Ballroom Dance > Underturning in Viennese Waltz

Discussion in 'Ballroom Dance' started by Tenehill, Dec 12, 2007.

  1. Chris Stratton

    Chris Stratton New Member

    Contracheck, it might be worth trying to find a coach who's willing to occasionally lead you in a lesson for a minute so that you get the idea of the feeling that it will be your task as leader to create for your partner.
  2. reb

    reb Active Member

    common theme to both threads and both lessons - its all about our own responsibility to serve the other person . . .
  3. pruthe

    pruthe Member


    I think you should try to take these experiences (lessons) and make a positive out of it. Goal is to be sensitive to others in what you say and do. I don't think you intend to offend. Perhaps in culture you grew up in it would not be so. But it is important to try and understand how you may be perceived by others in this culture.

    Hope this helps.
  4. contracheck

    contracheck New Member

    Thanks, but I have problem with your proposal. It is my stern and famous Italian coach who originally told us in no uncertain terms that the man should, if necessary, pull or lift partner so that the couple can eventually dance properly and win. If we tolerate errors they will never be corrected. I happen to agree with his teaching and philosophy. I usually stay away from whiners and complainers. This coach is a disciplinarian as well as a perfectionist. In his lecture, you can hear needle drop. He is also famous for switching partners often.
  5. and123

    and123 Well-Known Member

    and this is a good thing?:confused:
  6. pruthe

    pruthe Member

    Probably because no one wanted to dance with him. Please read (or re-read) my previous post.
  7. Josh

    Josh Active Member

    Are you equating whiners with followers who don't move properly? I just don't get what you're trying to say. If a follower doesn't move properly and you have to pull or lift her, does that mean that she's a complainer? :confused: Putting up with whiners has nothing to do with the actual act of dancing something properly. Sorry, I'm just so confused.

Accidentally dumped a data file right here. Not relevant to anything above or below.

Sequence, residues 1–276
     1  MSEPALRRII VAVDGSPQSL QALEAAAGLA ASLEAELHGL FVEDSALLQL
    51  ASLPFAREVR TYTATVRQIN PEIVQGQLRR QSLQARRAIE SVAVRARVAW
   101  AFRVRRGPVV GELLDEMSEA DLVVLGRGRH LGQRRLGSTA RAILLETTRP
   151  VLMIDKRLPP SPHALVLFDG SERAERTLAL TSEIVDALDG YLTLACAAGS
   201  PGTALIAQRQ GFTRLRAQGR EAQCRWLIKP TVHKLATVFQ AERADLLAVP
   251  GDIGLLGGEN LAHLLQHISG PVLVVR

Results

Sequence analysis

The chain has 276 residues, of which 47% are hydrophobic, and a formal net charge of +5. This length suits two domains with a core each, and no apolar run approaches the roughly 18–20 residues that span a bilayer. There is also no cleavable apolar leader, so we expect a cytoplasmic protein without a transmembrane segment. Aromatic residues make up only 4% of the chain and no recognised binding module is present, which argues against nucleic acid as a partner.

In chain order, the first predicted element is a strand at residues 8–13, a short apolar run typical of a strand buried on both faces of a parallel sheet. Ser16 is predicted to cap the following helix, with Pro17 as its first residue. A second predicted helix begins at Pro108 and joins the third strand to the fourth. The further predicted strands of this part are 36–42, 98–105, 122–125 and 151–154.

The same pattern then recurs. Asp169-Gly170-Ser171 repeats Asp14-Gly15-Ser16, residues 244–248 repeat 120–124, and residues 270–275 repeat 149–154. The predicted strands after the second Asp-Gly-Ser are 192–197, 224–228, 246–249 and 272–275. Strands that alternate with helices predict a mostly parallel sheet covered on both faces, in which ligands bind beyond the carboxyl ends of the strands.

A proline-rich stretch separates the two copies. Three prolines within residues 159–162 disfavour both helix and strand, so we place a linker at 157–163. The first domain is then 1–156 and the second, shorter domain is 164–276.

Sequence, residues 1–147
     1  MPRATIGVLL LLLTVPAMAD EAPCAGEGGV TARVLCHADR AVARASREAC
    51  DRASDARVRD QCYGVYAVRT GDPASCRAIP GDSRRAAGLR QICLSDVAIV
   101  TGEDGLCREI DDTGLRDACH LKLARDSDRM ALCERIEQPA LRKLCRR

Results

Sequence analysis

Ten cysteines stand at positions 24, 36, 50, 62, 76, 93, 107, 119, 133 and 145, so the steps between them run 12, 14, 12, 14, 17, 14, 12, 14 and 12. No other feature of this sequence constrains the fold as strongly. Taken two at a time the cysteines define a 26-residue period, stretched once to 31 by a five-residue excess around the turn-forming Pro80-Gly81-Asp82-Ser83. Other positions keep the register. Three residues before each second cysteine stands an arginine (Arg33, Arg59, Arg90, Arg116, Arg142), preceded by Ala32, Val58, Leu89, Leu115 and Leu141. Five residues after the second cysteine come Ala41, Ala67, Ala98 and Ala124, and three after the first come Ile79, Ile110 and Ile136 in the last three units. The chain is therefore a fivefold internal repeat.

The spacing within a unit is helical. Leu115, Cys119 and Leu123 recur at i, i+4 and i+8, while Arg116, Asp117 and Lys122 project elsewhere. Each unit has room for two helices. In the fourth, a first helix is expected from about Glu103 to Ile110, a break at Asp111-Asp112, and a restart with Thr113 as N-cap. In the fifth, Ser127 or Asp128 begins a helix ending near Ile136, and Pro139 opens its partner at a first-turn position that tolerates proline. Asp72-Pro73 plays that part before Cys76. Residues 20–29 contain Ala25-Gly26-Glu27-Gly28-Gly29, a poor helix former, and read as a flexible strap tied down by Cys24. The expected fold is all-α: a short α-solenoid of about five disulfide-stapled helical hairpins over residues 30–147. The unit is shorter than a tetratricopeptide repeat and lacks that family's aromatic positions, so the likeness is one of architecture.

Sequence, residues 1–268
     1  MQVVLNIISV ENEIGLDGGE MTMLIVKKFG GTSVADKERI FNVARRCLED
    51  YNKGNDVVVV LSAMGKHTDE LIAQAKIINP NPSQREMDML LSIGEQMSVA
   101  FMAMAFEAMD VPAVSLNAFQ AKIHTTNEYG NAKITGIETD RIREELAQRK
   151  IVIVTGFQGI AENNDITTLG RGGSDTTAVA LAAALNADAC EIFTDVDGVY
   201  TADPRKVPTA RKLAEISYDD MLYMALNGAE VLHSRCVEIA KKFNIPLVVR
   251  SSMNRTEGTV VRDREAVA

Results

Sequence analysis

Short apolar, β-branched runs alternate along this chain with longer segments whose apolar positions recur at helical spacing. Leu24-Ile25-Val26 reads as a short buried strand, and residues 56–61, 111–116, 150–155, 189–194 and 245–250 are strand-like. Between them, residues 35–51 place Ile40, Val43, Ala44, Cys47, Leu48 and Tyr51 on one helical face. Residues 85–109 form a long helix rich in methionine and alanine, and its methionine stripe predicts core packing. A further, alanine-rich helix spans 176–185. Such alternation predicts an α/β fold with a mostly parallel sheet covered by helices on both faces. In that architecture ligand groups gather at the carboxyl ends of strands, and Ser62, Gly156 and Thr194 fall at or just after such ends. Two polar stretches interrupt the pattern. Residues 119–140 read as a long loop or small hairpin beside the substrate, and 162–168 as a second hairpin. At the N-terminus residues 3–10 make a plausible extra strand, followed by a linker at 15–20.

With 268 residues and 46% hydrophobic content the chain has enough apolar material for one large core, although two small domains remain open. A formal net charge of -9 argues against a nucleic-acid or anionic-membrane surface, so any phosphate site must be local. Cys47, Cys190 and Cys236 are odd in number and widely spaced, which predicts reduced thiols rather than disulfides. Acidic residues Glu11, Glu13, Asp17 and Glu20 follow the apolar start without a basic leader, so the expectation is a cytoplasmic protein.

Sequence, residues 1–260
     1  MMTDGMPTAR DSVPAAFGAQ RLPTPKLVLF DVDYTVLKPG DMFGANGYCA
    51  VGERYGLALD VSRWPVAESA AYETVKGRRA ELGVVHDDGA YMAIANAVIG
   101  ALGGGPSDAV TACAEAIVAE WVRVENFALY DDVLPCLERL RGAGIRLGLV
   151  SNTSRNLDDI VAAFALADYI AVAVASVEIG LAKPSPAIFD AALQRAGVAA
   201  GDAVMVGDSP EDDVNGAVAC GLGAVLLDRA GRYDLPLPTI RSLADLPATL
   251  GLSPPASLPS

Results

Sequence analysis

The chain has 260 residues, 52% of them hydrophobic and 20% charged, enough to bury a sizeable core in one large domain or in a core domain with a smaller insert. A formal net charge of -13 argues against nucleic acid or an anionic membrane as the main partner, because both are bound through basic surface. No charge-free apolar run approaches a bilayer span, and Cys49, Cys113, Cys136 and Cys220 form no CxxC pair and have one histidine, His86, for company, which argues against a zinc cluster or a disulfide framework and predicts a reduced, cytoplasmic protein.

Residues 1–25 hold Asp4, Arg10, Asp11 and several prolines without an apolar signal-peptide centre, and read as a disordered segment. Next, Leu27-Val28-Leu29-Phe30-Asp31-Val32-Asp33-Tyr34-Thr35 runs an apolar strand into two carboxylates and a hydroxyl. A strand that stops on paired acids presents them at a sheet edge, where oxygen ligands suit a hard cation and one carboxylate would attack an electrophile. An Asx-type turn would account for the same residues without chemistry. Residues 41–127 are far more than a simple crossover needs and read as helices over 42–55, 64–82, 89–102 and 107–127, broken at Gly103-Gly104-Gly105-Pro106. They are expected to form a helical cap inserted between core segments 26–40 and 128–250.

8. waltzgirl

    waltzgirl Active Member

    But lifting and pulling does nothing to teach the lady how to dance--or the man to lead her properly (since the lady failing to do her part may as easily be a fault of the lead). So how do they ever learn to dance without pulling? It certainly won't work in competition.

    No wonder! Who would want to dance with him?
  9. fascination

    fascination Site Moderator Staff Member

    ya know cc...learning something is often humiliating but one can learn the art of taking it with grace and making it the best day of your life:friend:...none of us is as smart as we think...and all of us have gotten our comeuppance from time to shame in that
  10. tangotime

    tangotime Well-Known Member

    ANY Pro. ( ? ) who does that in front of other students, needs to examine his own conduct !!
  11. Joe

    Joe Well-Known Member

    No, you should not push or pull your partner when dancing underturned turns in Viennese Waltz...
  12. pruthe

    pruthe Member

    Tony Dovolani is a top pro in U.S. He's also a regular in Dancing with the Stars TV series. In my reading of cc's post, he was not necessarily "scolded". If cc's comments were made in front of the group, I think something should have been said in response. If made in a calm and non-confrontational way, I think it would be appropriate.
  13. Chris Stratton

    Chris Stratton New Member